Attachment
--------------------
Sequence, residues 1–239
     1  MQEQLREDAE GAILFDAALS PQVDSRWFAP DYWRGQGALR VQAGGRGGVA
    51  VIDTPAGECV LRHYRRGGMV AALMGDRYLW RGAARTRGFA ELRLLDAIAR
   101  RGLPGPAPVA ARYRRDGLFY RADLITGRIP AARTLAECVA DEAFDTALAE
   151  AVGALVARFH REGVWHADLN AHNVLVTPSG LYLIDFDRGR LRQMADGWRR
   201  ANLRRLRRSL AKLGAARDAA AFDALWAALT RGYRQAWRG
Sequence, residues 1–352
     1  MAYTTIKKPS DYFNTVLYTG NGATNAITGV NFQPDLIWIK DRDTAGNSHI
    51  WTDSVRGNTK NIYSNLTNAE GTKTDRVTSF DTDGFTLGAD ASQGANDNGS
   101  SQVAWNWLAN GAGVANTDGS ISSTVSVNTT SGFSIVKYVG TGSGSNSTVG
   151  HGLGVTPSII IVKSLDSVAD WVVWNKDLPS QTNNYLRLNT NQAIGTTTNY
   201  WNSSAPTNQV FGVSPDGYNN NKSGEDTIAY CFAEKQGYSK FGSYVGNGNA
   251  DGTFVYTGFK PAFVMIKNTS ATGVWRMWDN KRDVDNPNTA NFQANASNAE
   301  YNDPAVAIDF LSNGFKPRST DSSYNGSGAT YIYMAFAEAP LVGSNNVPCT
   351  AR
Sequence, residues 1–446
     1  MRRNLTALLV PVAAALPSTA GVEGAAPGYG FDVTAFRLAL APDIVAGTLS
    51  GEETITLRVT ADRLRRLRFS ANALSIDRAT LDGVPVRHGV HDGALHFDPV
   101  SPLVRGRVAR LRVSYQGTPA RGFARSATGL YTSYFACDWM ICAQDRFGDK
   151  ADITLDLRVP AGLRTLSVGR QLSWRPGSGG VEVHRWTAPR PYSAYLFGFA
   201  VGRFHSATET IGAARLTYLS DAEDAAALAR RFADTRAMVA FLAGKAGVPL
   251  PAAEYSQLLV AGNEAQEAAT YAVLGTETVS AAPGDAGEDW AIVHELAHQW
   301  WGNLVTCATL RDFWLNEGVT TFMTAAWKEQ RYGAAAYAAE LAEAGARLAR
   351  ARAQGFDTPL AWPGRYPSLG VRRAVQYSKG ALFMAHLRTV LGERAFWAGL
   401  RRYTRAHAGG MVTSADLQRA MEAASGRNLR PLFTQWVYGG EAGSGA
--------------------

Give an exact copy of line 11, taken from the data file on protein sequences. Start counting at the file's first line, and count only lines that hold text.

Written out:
   151  HGLGVTPSII IVKSLDSVAD WVVWNKDLPS QTNNYLRLNT NQAIGTTTNY